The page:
Until it joins some larger way

Where many path and errands meet.

And whither then? I cannot say.
-JRR Tolkien
The Lord of the Rings: The Fellowship of the Ring

Comment of the Day

Brian does the unthinkable and defends Pelagius (against Augustine)!  Watch out, Brian, the NeoReformed stormtroopers went after Scot McKnight last week, and they’ll probably come after you here!

Pelagius brought up good points that are often ignored. First, he
argued that humanity has salvation through God’s “original grace.” This
prevenient grace is God’s free gift to humanity. Second, Pelagius
sugguested that humanity has a “grace of revelation” whereby God gives
us divine guidence to follow, if we so choose to follow it. Scripture
and Christ both point the way we are to follow. Third, he affirmed that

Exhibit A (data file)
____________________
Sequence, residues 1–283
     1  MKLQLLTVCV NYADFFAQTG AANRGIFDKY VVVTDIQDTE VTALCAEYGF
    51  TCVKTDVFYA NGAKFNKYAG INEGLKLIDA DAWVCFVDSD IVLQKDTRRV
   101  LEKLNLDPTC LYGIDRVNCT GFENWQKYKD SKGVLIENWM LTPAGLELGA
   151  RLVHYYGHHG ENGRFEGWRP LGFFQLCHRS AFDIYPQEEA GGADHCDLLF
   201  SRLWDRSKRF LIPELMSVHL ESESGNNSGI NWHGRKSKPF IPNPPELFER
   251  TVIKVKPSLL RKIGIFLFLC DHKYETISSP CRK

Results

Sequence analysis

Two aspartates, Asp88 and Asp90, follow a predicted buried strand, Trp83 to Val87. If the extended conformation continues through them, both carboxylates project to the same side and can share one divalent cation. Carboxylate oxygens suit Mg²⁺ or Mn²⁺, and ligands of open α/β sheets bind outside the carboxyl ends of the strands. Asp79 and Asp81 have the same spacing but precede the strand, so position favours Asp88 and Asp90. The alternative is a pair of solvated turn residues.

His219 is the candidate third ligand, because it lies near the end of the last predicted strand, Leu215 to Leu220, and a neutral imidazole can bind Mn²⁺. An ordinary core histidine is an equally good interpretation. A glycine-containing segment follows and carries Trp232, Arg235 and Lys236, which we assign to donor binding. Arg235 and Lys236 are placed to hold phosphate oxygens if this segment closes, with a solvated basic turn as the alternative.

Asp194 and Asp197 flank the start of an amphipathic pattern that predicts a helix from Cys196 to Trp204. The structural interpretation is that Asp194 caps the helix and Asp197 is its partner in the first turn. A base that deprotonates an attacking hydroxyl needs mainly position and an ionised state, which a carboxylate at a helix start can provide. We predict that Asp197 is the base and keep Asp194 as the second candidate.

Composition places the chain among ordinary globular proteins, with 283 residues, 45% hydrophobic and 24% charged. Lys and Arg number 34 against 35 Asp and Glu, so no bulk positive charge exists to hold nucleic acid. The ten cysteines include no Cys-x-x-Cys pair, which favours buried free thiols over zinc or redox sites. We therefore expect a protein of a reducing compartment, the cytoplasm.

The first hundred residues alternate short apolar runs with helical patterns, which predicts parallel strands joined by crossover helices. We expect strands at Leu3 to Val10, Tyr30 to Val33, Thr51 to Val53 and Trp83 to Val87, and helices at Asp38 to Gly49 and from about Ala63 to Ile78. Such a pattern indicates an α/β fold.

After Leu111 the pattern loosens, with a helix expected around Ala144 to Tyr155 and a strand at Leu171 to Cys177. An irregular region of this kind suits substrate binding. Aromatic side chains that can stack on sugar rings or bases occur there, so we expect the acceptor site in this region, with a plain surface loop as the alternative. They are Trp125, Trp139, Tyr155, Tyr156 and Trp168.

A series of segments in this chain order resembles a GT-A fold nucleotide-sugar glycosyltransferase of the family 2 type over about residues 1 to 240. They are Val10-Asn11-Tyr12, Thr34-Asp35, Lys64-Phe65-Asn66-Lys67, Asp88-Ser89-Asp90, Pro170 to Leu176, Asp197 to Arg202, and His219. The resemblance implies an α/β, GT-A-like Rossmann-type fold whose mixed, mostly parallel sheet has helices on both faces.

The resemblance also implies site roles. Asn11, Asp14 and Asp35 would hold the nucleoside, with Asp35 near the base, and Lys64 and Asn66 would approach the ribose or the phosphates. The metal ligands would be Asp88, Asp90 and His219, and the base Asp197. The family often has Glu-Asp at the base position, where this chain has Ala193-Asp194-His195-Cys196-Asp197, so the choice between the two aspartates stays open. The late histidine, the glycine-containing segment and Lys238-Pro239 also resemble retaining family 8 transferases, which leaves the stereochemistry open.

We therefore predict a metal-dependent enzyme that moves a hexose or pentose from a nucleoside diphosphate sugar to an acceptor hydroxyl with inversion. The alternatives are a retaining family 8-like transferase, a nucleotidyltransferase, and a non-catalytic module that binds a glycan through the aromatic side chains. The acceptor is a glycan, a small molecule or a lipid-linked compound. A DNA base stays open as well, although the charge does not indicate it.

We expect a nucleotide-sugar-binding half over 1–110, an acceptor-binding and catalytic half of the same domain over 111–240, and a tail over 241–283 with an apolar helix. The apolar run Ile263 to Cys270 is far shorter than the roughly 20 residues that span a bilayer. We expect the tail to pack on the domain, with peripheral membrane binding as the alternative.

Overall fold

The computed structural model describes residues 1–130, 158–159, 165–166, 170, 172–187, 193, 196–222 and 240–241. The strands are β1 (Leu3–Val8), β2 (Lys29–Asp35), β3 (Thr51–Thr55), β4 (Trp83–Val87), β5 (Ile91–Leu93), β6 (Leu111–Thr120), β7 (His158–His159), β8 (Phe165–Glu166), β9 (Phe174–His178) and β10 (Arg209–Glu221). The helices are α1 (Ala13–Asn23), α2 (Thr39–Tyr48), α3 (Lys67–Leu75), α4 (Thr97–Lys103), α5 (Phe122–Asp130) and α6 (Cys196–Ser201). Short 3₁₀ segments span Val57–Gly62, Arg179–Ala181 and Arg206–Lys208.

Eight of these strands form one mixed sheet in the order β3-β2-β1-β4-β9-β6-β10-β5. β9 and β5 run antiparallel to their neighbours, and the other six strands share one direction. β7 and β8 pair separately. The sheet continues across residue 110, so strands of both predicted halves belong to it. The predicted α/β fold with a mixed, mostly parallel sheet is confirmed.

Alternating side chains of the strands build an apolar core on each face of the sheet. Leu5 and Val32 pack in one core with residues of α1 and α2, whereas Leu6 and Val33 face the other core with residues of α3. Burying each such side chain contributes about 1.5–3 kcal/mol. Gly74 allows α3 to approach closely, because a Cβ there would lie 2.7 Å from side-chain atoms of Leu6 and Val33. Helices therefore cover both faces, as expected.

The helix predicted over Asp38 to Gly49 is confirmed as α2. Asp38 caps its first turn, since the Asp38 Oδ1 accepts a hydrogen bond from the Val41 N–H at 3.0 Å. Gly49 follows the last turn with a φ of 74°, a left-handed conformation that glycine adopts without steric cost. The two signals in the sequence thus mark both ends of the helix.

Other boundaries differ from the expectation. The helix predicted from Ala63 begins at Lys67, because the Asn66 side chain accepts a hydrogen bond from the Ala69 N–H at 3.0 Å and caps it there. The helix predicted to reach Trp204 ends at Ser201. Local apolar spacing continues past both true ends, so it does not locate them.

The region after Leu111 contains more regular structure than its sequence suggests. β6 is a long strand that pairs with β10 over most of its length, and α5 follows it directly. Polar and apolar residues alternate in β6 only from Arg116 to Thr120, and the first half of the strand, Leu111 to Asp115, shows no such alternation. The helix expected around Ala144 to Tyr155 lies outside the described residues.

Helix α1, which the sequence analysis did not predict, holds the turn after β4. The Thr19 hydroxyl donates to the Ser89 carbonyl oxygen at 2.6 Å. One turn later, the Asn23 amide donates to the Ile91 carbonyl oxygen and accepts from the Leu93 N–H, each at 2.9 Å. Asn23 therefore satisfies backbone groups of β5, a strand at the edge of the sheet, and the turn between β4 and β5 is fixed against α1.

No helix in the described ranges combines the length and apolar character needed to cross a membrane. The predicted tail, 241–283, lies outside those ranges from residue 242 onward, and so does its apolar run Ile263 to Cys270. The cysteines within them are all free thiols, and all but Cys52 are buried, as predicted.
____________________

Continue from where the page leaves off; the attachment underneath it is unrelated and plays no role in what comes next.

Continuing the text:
God gives the “grace of pardon” to those who freely change their lives
and attempt to live faithfully. So we have a morally neutral human
condition that is faced with the decision of choosing between faith and
sin, good and bad.

For Pelagius, our human condition isn’t defined by original sin, yet
he still understands that our lives are impacted by sin. He says, “By
force of habit, sin attains a power akin to that of nature – sin
becomes as it were ‘second nature’.” Therefore, he takes the reality of
sin seriously. But he also thinks that we have the power and
responsibility to overcome this “force of habit” through God’s grace
and guidence. And that is where Augustine departs from Pelagius.
Augustine relinquishes human responsibility.

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Ash Wednesday: Atonement Round-Up

durer_crucifixion.jpgAs we enter the season of Lent, here are some resources to get you thinking about alternatives to the penal substitutionary theory (yes, friends, it’s a theory!) of the atonement.